Wednesday, March 21, 2012

No obvious link between capital gains tax cuts and growth - research

The Tax Policy Center in the United States has posted an article with the following graph.


For all the shrieking about how capital gains taxes stifle growth, there is the small matter of the evidence on the ground. As the authors explain:
"If low capital gains tax rates catalyzed economic growth, you’d expect to see a negative relationship–high gains rates, low growth . . . the correlation is 0.12, the wrong sign and not statistically different from zero. I’ve tried lags up to five years and also looking at moving averages of the tax rates and growth. There is never a statistically significant relationship."
Now correlation (or non-correlation) isn't causation, as the authors readily admit. But those who argue that tax cuts spur growth need to work very hard indeed to prove their case, in the face of this evidence. The evidence, as it happens, points (very weakly) in the other direction.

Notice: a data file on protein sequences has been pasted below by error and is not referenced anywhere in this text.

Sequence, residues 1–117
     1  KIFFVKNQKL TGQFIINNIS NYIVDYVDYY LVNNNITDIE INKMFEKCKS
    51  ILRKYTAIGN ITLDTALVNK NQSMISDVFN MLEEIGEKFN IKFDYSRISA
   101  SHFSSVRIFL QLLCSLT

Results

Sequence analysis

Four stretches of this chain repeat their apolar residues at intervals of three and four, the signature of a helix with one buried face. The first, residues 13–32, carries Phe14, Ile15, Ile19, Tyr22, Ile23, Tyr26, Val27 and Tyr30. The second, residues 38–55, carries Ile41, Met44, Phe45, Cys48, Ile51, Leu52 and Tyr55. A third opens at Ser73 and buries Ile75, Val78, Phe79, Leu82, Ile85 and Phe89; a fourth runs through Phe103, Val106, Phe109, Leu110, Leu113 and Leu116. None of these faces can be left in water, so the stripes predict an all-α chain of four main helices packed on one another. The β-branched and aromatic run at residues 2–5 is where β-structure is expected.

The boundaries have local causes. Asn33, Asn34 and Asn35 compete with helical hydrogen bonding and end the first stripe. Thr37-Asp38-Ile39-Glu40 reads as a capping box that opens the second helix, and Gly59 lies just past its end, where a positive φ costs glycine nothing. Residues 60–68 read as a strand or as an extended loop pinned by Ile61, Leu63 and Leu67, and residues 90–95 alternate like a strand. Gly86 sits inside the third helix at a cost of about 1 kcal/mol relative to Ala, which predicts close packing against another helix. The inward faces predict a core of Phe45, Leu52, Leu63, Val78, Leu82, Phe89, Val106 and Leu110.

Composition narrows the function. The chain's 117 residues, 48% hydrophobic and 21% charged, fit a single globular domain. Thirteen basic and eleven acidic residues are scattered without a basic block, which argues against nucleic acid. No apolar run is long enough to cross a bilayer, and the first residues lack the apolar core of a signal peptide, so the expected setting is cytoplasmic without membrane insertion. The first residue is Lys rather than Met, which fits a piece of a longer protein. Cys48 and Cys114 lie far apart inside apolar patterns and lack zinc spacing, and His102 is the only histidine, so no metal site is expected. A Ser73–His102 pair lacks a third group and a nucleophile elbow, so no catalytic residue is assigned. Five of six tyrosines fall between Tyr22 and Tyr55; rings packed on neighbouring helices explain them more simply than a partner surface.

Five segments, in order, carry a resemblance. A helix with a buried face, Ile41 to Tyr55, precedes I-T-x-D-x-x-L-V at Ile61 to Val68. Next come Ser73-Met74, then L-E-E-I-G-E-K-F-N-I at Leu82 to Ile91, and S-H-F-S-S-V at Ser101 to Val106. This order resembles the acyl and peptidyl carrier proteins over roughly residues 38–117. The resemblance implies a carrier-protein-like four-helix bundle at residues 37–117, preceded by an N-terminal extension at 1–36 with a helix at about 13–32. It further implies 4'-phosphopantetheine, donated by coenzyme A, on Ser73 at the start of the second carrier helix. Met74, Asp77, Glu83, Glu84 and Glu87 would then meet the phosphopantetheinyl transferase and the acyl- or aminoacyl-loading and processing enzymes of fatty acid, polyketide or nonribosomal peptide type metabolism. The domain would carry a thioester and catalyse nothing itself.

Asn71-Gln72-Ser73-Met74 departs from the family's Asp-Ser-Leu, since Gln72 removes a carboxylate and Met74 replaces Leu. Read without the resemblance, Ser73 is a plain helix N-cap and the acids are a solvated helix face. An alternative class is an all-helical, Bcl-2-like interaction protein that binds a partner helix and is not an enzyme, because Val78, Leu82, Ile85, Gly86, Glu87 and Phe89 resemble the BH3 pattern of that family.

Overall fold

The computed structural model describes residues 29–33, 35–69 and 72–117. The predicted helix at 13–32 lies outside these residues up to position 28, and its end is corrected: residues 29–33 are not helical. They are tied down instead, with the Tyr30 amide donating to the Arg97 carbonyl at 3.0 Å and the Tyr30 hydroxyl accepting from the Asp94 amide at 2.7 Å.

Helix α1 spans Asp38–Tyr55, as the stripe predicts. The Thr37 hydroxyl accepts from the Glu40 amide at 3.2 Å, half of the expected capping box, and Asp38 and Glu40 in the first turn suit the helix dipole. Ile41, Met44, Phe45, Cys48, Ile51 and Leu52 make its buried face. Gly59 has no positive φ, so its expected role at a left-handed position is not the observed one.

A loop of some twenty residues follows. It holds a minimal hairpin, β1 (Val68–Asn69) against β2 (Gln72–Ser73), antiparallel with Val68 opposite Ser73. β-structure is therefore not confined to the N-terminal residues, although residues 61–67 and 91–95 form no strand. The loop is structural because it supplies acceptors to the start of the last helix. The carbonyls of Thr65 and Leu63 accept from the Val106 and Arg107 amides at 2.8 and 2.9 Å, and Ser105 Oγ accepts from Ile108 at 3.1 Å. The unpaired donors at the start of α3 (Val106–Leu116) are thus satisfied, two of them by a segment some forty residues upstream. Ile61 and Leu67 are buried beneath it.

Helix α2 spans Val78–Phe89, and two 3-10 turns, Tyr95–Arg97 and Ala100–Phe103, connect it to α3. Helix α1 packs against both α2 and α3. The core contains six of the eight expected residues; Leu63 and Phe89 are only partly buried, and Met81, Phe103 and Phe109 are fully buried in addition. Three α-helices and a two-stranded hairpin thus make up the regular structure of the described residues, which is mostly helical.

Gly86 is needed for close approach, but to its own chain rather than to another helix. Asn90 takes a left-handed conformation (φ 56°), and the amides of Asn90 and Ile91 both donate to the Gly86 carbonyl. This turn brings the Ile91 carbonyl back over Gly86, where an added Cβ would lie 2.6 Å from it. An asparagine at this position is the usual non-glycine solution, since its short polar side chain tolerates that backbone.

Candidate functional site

In this light, one might like to consider our recent arguments about corporate tax rate cuts too, explaining why corporate tax-cutting is quack medicine.

Finally, we like these authors' summary of their findings:
"Low capital gains tax rates do accomplish one thing: they create lots of work for lawyers, accountants, and financial geniuses because there is a huge reward to making ordinary income (taxed at rates up to 35%) look like capital gains (top rate of 15%). The tax shelters that these geniuses invent are economically inefficient, and the geniuses themselves might do productive work were the tax shelter racket not so profitable. And the revenue lost to the capital gains tax loophole adds to the deficit, which also hurts the economy.

Thus, it’s no surprise that there’s no obvious relationship between capital gains tax rates and economic growth. Indeed, the low rates on gains might do more harm than good."
Most likely, the Wall Street Journal will now publish a front page article pointing to this research, with the headline "Tax Cuts: Why We Were Wrong."

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